There’s a new work reality for many of us of working age and that is to parlay our passions into money-making ventures, often in conjunction with a main job; or, as a way to take the pace out of previously hectic lives.
A study released on Tuesday by Britain Thinks and Investec Click & Invest suggests that there is a very definite social trend for this kind of career reset with many of us taking hobbies a step up and turning them into income generators.
Chances are you’ll know of someone who is already fulfilling their dream of a life fantastic. If you live in a City, considering whether or not you can make a go of doing something else is often part of the daily commute.
When you're wending your way home after a long day, on a crowded tube or train wedged under someone’s arm pit, dreams come fast and furious.
Many are now taking the plunge and turning those dreams into realities. Judging their success not solely by a level of income, although it is a key consideration, but also by how happy they feel.
Going to make a change: the new career paradigm
According to the report, around one third of the British population have chosen to reset their career and a further 32% are considering making a change within the next five years that will lead to a rewarding career, involve setting up a business or turning a hobby into a profit-making venture.
There are a number of factors that are sparking this change but certainly, shifting work patterns and the increasing gig economy are key motivators.
It means that many of us are willing to explore making a change. We are no longer wedded to the idea that a) you only have one job and b) that it has to be for someone else.
There is a reason for this and Viki Cooke, founding partner of Britain Thinks, points to stronger 'can-do' attitudes and renewed confidence in our abilities to control our lives.
Cooke said: “Our research identifies that across the population there is a move towards empowerment as people recognise that in a world of increasing uncertainty, they need to take control of their lives and ‘reset’. This has implications for work and careers, lifestyle and financial planning. We see this as a societal trend which is set to continue.”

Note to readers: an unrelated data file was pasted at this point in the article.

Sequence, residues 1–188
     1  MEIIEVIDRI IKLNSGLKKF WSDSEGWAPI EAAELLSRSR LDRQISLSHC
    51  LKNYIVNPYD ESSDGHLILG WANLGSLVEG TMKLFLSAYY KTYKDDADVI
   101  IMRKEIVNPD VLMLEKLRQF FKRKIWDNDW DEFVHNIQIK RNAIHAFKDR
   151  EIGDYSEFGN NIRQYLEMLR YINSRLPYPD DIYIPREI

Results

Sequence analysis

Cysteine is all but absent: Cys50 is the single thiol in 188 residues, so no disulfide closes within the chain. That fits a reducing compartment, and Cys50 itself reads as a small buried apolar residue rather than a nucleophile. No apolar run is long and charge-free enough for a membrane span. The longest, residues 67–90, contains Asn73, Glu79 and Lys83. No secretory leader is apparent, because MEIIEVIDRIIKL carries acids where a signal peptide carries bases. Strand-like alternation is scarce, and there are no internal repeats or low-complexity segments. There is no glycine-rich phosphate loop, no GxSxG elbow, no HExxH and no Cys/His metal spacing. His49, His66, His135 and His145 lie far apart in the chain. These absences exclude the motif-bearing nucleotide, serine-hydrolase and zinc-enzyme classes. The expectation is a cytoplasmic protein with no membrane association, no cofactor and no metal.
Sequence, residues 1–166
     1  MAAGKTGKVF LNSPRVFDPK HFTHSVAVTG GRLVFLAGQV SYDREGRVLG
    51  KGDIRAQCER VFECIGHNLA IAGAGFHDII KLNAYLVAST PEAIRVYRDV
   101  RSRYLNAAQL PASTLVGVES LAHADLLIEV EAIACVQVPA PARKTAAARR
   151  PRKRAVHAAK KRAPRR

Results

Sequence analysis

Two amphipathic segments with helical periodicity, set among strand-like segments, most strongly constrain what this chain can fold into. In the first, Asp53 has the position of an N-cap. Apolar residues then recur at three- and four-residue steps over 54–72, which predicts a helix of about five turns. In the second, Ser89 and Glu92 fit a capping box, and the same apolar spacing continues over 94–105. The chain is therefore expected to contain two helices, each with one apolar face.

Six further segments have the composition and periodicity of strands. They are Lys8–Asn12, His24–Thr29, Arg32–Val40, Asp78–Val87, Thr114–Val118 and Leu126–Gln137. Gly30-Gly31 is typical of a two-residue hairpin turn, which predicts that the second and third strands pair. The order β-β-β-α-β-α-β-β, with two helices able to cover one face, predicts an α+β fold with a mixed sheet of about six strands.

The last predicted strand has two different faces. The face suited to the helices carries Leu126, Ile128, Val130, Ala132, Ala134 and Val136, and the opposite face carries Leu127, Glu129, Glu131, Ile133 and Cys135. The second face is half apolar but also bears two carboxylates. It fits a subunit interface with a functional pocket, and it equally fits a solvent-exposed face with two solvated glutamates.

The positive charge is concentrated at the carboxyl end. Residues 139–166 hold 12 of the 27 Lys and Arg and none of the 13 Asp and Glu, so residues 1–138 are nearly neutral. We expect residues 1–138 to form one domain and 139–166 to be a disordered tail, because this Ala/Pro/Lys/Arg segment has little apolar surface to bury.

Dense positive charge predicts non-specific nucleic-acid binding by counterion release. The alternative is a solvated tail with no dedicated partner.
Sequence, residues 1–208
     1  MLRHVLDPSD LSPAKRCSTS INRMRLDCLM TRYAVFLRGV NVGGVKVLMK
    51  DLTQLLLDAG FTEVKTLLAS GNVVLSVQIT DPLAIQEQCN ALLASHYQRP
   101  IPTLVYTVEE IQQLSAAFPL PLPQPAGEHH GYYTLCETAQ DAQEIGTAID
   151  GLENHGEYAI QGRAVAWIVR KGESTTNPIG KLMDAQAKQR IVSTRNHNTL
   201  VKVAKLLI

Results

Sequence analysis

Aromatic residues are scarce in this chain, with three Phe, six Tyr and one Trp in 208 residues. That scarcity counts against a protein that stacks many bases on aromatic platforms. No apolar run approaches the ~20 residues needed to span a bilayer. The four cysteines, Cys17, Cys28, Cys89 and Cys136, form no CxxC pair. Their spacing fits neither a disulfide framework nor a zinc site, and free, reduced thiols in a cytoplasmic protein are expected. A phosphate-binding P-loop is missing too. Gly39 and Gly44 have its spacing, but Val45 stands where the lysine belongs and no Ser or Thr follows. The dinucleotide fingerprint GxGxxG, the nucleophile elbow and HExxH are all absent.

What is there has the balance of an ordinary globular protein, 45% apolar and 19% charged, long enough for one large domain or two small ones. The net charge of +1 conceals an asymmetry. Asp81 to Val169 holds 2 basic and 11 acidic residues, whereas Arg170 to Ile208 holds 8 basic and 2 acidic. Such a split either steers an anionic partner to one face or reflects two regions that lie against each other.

Who are the brave souls?
There is no age limit to those who choose to reset. Millennials have been exhibiting this change as many have turned social media and technology into a new frontier but increasingly more over 50s are also pushing through new barriers.
There are lots of examples of in the digital sphere with businesses like Digital Mums founded by Nikki Cochrane and Kathryn Tyler, which aims to retrain mothers in social media skills in order to achieve the work/accomodating life balance.
Now over 50s who have already had a career and a lifestyle change at least once, are becoming just as likely to have yet another reset. Generally these folks are looking for a similar balance but with the emphasis squarely on life.
As part of the report's analysis a poll conducted post the snap general election revealed that 30% of existing ‘resetters’ have created businesses. Another 22% are using their hobbies to generate an income - a new group of entrepreneurs the report calls ‘Hobbypreneurs’.
More people are also changing careers to do something more rewarding and have become more focused about financial planning and investments than the population as a whole.
Moving from hobby to fully fledged business
Jonathan Parke, is old enough to not consider Facebook as something he grew up with, but he and his partner Annette Frere have taken their passion for riding motorbikes and turned it into a comfortable and self-sustaining online business called Rugged Roads and, yes, they use Facebook.
Like many of those turning their hobbies into business, it's often because they find they can fill a need.
Parke says the business began when they often couldn't find parts for their bikes so they would make them. It wasn't long before other friends would ask if they could have the same and the business grew from there.
Rugged Roads, which is ran by Frere and another partner, is a global specialist company that manufacturers and supplies parts for a specific range of bikes such as the Honda Africa Twin, Yamaha, KTM and BMW.
In addition, the company is as a one-stop shop stocking premium brands on everything you can put on your bike from top to exhaust. About 60% of their business is from overseas custom.
Making creative pursuits pay
Karen Roberts sews, has done it all her life, and it's something she enjoys. She is also the owner of NeatPleats, a bespoke curtain-making company in rural Shropshire. She turned her hobby into a sideline again out of necessity.
Her previous job as a cook at a local restaurant meant a change to her work hours from day time to evening. Robert's husband is a farmer and he works long hours sometimes late into the night and the new timetable could not accomodate their child care needs.
So Roberts decided to look to her other skills to generate a bit of income to supplement what comes in from the farm. She started her business making handmade curtains in 2011.
A primary driver for people like Roberts and Parke is the ability to have their businesses fit around their life rather than vice versa.
Flexibility and balance is the key